Technology and delivery methods are reshaping construction

Despite coming slow out of the gate, the construction industry is beginning to make major strides in becoming a technology leader.
By Neil Churman November 14, 2018

The construction industry has historically been slow to innovate, adapt, and change. McKinsey ranked construction among the least digitized global sectors in a June 2016 article, noting cost and schedule overruns in addition to dwindling productivity as the norm. Despite coming slow out of the gate, the construction industry is beginning to make major strides in becoming a technology leader. Technology deployment, changing attitudes among owners and legislators relative to project delivery, and a move to value-added professional services among major contractors are driving the change.

Technology Deployment

The construction industry has gone from an interesting opportunity for innovation to a hotbed for technology investments. McKinsey followed up its 2016 article with a 2018 study of the emerging ecosystem of construction technologies globally. The article sees opportunity around robotics and 3D printing, artificial intelligence and analytics, and supply chain optimization as the areas developing most quickly. The ecosystem includes both tech-focused startups as well as longtime industry players who are making investments in and committing to a technology deployment strategy. At the most basic level, better and more current information is enabling constructors to deliver projects on time, within budgets, and — probably most critically — to adjust when conditions beyond their control, such as weather, material prices, and labor availability, change unexpectedly. Look for more “traditional” construction firms to make headlines with their investments in and use of technology in the coming months and years.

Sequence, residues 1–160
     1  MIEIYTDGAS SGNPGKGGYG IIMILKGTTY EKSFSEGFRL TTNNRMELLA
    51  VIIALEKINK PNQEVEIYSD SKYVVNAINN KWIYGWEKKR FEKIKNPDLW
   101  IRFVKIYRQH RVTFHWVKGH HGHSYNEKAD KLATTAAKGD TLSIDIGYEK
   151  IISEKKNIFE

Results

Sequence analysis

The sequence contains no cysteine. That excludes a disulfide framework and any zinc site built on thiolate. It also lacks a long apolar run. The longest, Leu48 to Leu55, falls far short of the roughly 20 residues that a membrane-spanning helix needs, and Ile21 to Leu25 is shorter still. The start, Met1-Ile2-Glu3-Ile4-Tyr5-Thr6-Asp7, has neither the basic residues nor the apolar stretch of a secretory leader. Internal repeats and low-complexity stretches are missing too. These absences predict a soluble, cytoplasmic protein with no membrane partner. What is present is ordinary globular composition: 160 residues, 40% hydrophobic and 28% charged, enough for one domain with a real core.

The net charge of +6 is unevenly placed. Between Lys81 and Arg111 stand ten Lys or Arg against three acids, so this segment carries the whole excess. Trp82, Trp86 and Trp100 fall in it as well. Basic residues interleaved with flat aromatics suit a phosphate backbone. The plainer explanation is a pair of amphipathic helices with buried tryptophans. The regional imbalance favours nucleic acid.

Delivery Models

Changes in delivery methods have been reshaping the way projects are built for years, but adoption of alternative delivery models appears to be accelerating. A recent article from the Design Build Institute of America indicates that nearly half of all projects delivered nationwide are via the Design-Build method, whereby the project owner has a single contract, typically with the general contractor, who then coordinates directly with architects, engineers, and subcontractors. This delivery method is intended to reduce both project time and conflicts between the contractor and designer. The owner essentially contracts for a “turnkey” delivery of the project.

The other alternative delivery method gaining traction is construction management at risk (CM-at-Risk or CMAR). In this model, the owner has a contract with the designer, as well as a separate contract with the construction manager. The construction manager then subcontracts out the performance and delivery of the individual project elements. In this method, the contractor is selected primarily, if not entirely, based on qualifications, as opposed to price. This method provides for much more accurate cost estimating at earlier stages of the project, creates a collaborative team structure, and allows for a quick and smooth transition from design to construction. By allowing owners to get both an accurate budget of project costs early and to have a single point of contact providing professional construction management services, the result is often higher quality, lower cost, and speedier delivery.